Should I just keep using my old PC to practice these things, and buy a new laptop when money allows? Or should I bite the bullet and partition my Mac (risking viral stuff) and get Office for Mac?

Thanks,
Linda Engel

@Linda: I don’t know enough about Keynote to say whether or not all of the ideas would work, but my guess is that they do in a different way since the steps would be different.

Office for the Mac is a little different than Office for Windows. Plus, PPT 2010 is going to have a lot of really nice features. You can run Windows software on your Mac via Parallels or other virtual software. Perhaps a Mac user can offer some more detailed advice.

April 29th, 2010

Hi, Tom,

Are the tools and tricks demonstrated available in PowerPoint 2003? I’m afraid my organization is behind the power(point) curve a bit.

Thanks,

Sylvia Tetzlaff

@Sylvia: many of the tips and tutorials will work with PowerPoint 2003. The steps might be a little different, though. What I’d do is contact the tutorial creator and ask how that would be done in PPT 2003 if you can’t figure it out.

Hey Tom,
Thanks for all these tutorials. Have you or anyone reading this found a way to stop the spinning circles on the Labeled Graphic Engage interaction? I don’t want to induce dizziness in my users.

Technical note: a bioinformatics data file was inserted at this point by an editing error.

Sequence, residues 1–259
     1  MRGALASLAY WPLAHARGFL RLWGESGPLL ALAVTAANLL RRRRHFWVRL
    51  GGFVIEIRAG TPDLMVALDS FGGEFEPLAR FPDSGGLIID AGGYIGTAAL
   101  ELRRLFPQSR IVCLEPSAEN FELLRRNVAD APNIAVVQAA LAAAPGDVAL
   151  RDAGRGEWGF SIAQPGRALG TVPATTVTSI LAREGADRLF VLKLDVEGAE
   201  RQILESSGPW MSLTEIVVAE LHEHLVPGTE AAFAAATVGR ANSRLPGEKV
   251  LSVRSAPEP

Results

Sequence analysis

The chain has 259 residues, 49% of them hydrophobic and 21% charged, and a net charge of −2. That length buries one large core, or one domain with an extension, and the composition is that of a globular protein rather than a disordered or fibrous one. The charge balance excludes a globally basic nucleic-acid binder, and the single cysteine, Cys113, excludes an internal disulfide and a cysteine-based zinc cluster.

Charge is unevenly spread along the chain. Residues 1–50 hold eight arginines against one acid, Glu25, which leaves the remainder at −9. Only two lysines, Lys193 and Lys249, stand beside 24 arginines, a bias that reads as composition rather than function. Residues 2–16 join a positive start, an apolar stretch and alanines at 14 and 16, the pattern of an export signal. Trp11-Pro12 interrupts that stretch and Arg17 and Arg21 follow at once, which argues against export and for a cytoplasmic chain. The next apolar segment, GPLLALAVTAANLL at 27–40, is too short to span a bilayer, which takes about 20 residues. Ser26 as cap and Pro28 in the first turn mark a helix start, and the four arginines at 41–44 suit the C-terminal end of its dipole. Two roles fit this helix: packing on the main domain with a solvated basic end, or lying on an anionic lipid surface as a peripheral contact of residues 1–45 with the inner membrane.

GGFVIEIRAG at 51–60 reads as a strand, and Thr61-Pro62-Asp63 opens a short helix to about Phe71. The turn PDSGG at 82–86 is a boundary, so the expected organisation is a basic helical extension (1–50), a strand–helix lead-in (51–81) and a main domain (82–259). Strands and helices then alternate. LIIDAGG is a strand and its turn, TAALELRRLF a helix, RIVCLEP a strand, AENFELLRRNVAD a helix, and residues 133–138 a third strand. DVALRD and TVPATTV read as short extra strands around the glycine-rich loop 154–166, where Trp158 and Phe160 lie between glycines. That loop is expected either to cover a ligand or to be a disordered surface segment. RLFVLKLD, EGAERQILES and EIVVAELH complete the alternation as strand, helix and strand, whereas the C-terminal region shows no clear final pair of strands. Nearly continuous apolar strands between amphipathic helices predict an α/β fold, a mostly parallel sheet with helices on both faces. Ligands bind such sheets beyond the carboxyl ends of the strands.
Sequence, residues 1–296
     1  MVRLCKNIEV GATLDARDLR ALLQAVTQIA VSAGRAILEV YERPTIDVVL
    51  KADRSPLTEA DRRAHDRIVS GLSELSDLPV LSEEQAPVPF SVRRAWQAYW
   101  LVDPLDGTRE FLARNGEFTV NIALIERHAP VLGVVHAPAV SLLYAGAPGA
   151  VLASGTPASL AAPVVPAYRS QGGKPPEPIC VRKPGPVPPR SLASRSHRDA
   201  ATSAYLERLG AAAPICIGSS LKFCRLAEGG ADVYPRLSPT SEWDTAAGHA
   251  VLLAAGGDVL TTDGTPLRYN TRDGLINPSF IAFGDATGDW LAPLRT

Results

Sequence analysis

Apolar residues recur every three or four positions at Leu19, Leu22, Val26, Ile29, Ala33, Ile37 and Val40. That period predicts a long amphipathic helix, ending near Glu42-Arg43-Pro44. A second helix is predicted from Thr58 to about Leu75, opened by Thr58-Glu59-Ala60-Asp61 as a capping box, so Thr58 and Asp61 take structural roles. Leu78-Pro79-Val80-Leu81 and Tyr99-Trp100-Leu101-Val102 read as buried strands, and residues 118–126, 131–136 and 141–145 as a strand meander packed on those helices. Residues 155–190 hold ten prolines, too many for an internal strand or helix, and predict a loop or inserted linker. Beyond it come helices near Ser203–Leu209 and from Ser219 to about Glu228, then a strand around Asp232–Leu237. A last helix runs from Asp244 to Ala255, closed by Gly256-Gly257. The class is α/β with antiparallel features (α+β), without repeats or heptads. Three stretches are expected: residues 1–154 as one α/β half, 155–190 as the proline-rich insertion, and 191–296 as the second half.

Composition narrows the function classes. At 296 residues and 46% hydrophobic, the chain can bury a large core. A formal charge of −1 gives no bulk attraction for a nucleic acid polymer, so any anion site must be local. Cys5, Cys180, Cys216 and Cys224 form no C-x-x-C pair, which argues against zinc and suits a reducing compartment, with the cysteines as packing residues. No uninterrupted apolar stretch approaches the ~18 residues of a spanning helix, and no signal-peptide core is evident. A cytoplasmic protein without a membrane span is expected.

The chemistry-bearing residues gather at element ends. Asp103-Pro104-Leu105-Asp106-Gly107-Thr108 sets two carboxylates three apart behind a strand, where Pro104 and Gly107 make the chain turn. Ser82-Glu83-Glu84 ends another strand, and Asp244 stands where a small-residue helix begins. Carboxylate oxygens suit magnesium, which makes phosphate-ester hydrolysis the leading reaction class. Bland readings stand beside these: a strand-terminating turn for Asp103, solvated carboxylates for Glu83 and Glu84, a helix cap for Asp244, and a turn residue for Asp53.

Thanks!
Connie

@Connie: Here’s a tutorial. http://screenr.com/aKC

[...] Here Are More Than 200 Free Rapid E-Learning Tutorials » The Rapid eLearning Blog [...]

May 11th, 2010

Hi Tom, I love your blog:-) I’m currently working on my PhD in instructional technology for online learning from Capella and the information that you provide here you can’t receive from a textbook. I’m in the process of trying out some of these tips but there are so many I don’t know where to get stared! Thanks for you blog.

May 12th, 2010

I tried Linda’s demo and could not get the hyperlink to work after I made the shape clear. As long as the shape had color or even white, it worked fine. Any ideas?